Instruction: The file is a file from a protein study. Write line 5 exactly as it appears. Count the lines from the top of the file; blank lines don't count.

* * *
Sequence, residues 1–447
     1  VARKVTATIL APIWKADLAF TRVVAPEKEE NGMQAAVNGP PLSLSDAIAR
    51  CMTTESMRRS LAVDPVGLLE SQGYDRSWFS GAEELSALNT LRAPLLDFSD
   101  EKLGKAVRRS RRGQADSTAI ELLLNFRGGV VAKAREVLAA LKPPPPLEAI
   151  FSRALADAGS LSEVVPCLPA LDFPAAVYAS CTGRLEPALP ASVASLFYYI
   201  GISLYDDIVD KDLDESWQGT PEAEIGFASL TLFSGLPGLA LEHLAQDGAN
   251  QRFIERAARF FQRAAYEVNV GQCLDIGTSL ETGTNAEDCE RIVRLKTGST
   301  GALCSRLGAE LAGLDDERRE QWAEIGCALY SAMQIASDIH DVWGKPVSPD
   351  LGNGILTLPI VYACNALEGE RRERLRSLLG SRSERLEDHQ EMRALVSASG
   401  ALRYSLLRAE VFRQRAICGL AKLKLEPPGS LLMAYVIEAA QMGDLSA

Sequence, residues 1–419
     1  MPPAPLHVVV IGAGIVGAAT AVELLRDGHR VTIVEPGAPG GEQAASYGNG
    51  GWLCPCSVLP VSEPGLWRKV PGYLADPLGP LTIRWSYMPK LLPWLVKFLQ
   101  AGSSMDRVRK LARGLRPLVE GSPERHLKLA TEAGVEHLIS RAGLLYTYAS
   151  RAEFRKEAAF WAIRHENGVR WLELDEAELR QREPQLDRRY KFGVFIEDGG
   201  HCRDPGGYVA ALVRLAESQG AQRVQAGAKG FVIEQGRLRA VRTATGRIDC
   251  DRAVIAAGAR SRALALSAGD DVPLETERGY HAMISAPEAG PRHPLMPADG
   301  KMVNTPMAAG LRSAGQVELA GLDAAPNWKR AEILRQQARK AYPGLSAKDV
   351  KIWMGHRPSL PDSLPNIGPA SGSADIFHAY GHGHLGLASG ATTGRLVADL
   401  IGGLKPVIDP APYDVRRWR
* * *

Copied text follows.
   151  FSRALADAGS LSEVVPCLPA LDFPAAVYAS CTGRLEPALP ASVASLFYYI